"It will lower people's anxiety," he said.
Scaramucci, who is founder of the investment firm Skybridge, joined the webinar from his study and his kids could be heard playing in the other room. Scaramucci said he has been in quarantine for 25 days.
Using visualization and other techniques to cope with COVID-19's psychological toll
As we're cut off from family and friends, watching staggering layoffs unfold, considering an uncertain future and constantly hearing the pandemic's death toll, everyone is confronting new realities that are challenging us all. But founders and others in high-performing jobs can look for some coping mechanism to help them thrive in this new world said entrepreneur and former Navy Seal trainer Brandon Webb.
One of the most important is goal-setting and visualization. Those tools can help individuals reframe their situation and help them achieve higher levels of performance. Another key tool is remaking your self image.
"If you think of yourself a certain way, or you have self-doubt, you have to identify that. It's okay. It exists in everybody. And then you have to fix it," he said. Part of that is through changing how you talk about and think about yourself.
Webb, the founder of Crateclub.com said he also doesn't tolerate negativity in the office and suggests others avoid airing co-workers faults openly.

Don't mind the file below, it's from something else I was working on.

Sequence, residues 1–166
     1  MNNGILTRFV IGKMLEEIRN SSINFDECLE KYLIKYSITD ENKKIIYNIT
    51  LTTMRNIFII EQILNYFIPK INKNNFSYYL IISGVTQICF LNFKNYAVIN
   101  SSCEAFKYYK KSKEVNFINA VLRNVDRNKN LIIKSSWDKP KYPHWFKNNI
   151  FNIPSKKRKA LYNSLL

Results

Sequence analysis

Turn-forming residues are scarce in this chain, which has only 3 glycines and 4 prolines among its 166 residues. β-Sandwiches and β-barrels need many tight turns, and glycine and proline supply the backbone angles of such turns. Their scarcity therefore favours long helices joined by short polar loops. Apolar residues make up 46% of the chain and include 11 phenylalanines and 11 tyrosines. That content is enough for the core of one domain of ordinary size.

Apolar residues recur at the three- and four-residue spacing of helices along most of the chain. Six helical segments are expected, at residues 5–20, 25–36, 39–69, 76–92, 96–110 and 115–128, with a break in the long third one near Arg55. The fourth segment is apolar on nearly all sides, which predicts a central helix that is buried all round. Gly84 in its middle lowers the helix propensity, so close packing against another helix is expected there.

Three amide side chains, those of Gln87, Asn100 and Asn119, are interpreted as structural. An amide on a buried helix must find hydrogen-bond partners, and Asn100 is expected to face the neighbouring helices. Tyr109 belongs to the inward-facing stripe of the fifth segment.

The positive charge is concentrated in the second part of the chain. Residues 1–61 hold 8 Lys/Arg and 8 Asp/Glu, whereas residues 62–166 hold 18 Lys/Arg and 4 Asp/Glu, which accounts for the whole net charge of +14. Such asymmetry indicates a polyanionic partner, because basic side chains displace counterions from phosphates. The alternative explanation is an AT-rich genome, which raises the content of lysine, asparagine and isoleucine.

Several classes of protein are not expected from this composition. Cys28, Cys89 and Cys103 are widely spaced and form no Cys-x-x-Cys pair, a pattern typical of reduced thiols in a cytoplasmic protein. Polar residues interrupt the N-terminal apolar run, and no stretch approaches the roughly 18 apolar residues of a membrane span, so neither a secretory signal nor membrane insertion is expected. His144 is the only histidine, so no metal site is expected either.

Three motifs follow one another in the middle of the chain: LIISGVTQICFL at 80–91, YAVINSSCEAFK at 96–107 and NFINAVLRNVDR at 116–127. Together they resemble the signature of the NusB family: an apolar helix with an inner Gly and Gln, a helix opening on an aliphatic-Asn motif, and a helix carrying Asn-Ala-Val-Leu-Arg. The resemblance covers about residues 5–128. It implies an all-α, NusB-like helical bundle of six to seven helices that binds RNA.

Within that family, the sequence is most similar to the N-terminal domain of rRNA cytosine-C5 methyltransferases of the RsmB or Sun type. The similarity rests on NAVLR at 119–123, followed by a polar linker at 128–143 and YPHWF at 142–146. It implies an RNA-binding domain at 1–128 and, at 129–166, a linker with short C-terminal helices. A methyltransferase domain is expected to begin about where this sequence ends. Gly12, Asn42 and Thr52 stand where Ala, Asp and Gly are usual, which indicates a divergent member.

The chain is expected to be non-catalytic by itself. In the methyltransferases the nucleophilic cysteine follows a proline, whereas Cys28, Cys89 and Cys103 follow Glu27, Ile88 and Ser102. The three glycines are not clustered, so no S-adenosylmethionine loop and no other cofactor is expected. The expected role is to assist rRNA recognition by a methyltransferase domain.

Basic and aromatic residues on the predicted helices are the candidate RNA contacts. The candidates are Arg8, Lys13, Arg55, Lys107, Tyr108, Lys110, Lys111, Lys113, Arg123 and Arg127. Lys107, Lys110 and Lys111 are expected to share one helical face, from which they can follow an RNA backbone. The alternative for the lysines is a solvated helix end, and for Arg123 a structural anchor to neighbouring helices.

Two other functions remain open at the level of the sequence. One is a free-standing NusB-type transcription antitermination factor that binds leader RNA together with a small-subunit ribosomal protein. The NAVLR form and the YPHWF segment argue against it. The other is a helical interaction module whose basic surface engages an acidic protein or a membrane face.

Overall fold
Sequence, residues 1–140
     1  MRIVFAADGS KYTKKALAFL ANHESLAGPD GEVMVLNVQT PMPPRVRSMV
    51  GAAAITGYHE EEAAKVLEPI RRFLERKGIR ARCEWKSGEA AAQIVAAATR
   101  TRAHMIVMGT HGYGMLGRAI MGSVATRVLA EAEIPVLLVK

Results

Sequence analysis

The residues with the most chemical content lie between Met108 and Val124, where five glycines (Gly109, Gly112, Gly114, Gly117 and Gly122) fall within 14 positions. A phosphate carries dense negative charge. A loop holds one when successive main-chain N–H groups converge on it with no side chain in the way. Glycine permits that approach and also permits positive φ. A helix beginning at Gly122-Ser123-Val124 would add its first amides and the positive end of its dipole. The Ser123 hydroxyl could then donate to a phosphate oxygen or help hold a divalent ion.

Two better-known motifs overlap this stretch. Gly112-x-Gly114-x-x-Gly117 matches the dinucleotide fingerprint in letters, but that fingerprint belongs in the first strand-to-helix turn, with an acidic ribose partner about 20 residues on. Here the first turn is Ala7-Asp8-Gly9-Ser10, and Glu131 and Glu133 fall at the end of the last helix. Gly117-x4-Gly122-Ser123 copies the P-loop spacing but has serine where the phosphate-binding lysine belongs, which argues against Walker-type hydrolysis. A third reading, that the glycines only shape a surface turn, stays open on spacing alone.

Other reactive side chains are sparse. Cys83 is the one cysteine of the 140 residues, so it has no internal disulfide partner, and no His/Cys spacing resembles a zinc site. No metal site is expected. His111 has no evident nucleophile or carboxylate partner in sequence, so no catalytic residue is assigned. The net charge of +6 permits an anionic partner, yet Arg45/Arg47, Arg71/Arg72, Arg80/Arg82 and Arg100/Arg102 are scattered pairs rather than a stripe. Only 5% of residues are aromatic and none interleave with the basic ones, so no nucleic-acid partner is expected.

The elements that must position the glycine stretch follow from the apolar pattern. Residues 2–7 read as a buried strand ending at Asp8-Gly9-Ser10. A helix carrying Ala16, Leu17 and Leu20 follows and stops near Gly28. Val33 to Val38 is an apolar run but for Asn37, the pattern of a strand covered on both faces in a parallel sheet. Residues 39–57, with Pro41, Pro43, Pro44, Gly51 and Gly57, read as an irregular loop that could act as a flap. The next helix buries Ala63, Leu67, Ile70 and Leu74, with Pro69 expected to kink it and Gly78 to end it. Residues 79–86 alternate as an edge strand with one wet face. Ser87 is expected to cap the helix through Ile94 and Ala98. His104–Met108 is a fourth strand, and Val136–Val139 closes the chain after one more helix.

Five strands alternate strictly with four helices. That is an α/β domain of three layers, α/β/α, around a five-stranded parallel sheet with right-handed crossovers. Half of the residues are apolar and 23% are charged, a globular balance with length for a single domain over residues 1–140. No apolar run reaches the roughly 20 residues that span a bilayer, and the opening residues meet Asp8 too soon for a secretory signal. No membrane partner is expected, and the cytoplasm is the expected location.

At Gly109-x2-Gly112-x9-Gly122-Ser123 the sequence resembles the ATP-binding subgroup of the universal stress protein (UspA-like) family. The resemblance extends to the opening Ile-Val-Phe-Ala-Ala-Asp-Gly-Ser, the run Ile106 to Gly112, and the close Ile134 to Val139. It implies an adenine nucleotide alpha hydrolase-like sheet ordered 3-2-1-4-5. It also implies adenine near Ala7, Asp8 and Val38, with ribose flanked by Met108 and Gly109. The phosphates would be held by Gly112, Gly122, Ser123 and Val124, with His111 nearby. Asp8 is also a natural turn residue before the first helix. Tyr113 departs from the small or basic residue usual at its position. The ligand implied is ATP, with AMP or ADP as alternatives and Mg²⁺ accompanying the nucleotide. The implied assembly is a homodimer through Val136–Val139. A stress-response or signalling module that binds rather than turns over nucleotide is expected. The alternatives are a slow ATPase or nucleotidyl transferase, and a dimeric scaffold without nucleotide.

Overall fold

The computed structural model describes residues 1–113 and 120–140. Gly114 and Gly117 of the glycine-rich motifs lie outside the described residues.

Todd Herman, author of "The Alter Ego Effect" has another strategy. The business coach suggested individuals facing new and difficult tasks look to take on the characteristics of other people they admire as a way to escape the mire of emotion that may overwhelm them. He points to Dr. Martin Luther King Jr., an intellectual giant who would use non-prescription glasses to write his empowering speeches.
This approach, he said, helps individuals unshackle themselves when they are having an emotional response that can lead to poor decision-making. "Most people don't think about creating a panel or trusted friend within the six inches of our own ears to help us navigate questions, to us think about something in a different way."
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Minutes into filling out my absentee ballot last week, I was momentarily distracted by my dog Seamus. A moment later, I realized in horror that I was filling in the wrong bubble — accidentally voting "no" on a ballot measure that I meant to vote "yes" on.
It was only a few ink marks, but it was noticeable enough. Trying to fix my mistake, I darkly and fully filled in the correct circle and then, as if testifying to an error on a check, put my initials next to the one I wanted.
Then I worried. As a reporter who has previously covered election security for years, I went on a mini-quest trying to understand how a small mistake can have larger repercussions.
As Los Angeles County's 5.6 million registered voters all receive ballots at home for the first time, I knew my experience could not be unique. But I wondered, would my vote count? Or would my entire ballot now be discarded?
My distractingly sweet dog, Seamus.
Photo by Tami Abdollah
Fresh off of closing a $50 million round that valued the company at $300 million, Triller – headquartered in L.A. and with offices in New York, London and Paris – is now seeking $250 million at a valuation of $1.25 billion, according to executive chairman Bobby Sarnevesht. The short-form, user-generated video sharing app's momentum has picked up lately thanks to increased usage during the pandemic and the troubles of TikTok.
Triller executive chairman Bobby Sarnevesht.
Pegasus Tech Ventures chief executive Anis UzzamanAnis Uzzaman